National pastime belongs in nation's capital
Frank Howard, one of the greatest Washington Senators of all time, was the subject of a story recently in The Washington Post. He was discussing the good old days, including 1969 when Ted Williams managed the team. The Senators won 86 games to break a streak of 15 consecutive losing seasons and, Howard added emphatically, drew 900,000 fans.
Nine hundred thousand fans ... and he was thrilled. In 1969-70, the Senators outdrew eight franchises, but Washington's attendance those two years combined was roughly the same as what the 2005 Yankees will draw by June. That, as much as anything else, shows how dramatically baseball has changed since 1971, the final year of the Washington Senators. The 1950s and 1960s was not the golden age of baseball; now is the golden age of baseball, at least when it comes to attendance, fan interest, marketing, etc. This time, the Washington Nationals finally have a real chance to flourish.
"This has a chance to be special and unique," Nationals president Tony Tavares said. Jim Bowden, the Nats' general manager, said, "This place has a chance to be a gold mine."
Only nine cities have played host to more major league games than Washington, D.C., even going without baseball for 33 years. Now, it is back. The game returns to a widely changed region, one that is significantly larger than the one it left. Washington is the sixth largest metropolitan area in America; it was the largest without a major league baseball team. It has the most highly educated work force in America; its average household income is the second largest in the nation. Virginia, from which the Washington Redskins and Wizards draw their largest percentage of fans, is the second fastest growing state in the country, and nearby Loudoun County, Va., is the fastest growing county in the United States. A subway system, one of the best in the country, delivers fans to the Nationals' home, RFK Stadium. If the Senators had had a subway in 1971, they might not have left.
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Matt (DC): Tim, how long do you think until the Nationals can become competitive? Should we consider this to be essentially an expansion team?
Everything is different now in Washington, and in baseball. This is the era of marketing in MLB, one reason that the major leagues and minor leagues set attendance records last year. There was no marketing in 1971, at least in Washington. You couldn't buy a decent Senators cap anywhere; today, even without a full marketing staff given the lateness of their move from Montreal, the Nationals are near the top in the major leagues in merchandise sales. In 1971, the closest thing to marketing for the Senators was a sign on RFK that said "Game Tonight."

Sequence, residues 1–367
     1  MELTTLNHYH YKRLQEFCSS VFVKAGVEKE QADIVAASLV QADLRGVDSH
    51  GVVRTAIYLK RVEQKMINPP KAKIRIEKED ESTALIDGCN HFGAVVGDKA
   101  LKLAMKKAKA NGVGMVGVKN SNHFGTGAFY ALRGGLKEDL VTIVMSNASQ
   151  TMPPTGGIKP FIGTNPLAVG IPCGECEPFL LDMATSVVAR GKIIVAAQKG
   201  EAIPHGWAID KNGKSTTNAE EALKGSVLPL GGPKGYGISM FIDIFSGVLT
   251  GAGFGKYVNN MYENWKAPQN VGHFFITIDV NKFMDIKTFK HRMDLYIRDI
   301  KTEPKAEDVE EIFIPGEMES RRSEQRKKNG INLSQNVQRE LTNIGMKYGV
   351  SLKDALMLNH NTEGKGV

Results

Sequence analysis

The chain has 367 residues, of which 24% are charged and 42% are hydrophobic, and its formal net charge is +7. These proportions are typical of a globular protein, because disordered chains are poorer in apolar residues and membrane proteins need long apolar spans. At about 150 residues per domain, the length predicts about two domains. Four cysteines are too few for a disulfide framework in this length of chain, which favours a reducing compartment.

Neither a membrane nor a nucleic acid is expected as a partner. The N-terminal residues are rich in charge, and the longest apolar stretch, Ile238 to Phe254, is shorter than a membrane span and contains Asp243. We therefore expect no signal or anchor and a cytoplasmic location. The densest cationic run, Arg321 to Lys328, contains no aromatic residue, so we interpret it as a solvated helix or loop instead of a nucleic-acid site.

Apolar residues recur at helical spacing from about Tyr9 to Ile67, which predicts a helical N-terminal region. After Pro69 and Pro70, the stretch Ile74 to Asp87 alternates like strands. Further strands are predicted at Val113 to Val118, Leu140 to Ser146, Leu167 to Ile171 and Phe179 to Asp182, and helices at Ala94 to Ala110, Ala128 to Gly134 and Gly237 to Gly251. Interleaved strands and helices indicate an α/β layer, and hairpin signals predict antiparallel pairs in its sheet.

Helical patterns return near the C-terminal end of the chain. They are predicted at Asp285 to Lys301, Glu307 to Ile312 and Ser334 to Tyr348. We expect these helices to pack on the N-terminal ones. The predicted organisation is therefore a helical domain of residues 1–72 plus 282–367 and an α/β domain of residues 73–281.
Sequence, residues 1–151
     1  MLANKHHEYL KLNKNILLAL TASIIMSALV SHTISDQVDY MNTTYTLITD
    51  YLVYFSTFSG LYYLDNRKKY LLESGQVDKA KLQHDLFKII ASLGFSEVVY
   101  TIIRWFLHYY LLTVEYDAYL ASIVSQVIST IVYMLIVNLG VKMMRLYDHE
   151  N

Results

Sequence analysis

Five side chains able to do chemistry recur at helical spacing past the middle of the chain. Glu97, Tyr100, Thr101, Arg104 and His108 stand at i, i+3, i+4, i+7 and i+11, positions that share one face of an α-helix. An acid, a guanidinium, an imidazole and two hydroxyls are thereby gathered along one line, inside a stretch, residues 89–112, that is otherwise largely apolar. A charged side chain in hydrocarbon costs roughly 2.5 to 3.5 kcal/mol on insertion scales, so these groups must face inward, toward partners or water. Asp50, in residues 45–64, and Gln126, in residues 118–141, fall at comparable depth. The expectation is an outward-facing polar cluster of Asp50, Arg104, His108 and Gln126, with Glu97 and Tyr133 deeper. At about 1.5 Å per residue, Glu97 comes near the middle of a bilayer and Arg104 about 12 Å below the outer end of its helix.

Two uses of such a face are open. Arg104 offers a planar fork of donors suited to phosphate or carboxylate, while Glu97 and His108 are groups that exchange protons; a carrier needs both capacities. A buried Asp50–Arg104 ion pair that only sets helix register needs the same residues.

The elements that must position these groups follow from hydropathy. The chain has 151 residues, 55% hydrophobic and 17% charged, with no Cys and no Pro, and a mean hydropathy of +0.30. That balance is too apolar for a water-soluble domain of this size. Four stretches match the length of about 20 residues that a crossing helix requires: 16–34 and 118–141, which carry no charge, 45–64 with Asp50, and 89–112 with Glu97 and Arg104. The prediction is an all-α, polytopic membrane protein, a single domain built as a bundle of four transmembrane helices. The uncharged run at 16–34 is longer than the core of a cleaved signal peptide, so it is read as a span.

The Senators didn't even offer season tickets to their fans until 1957; then-owner Calvin Griffith didn't believe in them. The Nationals have over 20,000 season tickets, which works out to nearly 1.8 million fans. In the 71-year history of baseball in Washington, a history that is richer than most people think, a history that includes the greatest pitcher of all time, Walter Johnson, no Senators or Nationals team ever drew 1.8 million fans in one season.
Washington, despite having a large African-American population, was one of the last franchises to sign an African-American player; now, the Nationals have a diverse roster with Frank Robinson as their manager. Washington is one of the most diverse and cultural cities in America, and the Nationals have players from eight countries, including Japan and Korea.
All that's the same in Washington is RFK Stadium, which will serve as the Nationals' home for three years. When it opened for baseball in 1962, it was a state-of-the-art park. With its wavy roof, it looked like a space ship. It is antiquated now, of course, but it holds 50,000 people, its measurements are fair to pitchers and hitters and, with recent renovations and improvements, its clubhouses and dugouts will be on par with many in baseball. The longest any ballpark has gone between playing host to a major league game is 12 years. The longest span between regularly scheduled games is five years. RFK's gap will be 34 years.
In April 2008, RFK is scheduled to be replaced by a 41,500-seat ballpark in Southeast Washington, on the Anacostia River. The new park is expected to overlook downtown Washington, including the Capitol and Washington Monument. The plan is to revitalize that Southeast area with shops and restaurants and with the ballpark as the center of activity.
So much as changed in Washington, and in baseball, since the Senators last played. In 1971, Richard Nixon was the president; there were 24 major league teams, not the 30 we have today; there was no DH; Willie Mays and Roberto Clemente were active; and only three current Nationals players were alive. Back then, it was said, erroneously in many cases, Washington was first in war, first in peace and last in the American League. Washington might finish last in the National League East this year, but it won't be for long. New ownership is expected to be in place in October, bringing in lots of money and more change.
And all of that change in Washington, and in baseball, is for the better.
Tim Kurkjian is a senior writer for ESPN The Magazine and a regular contributor to Baseball Tonight.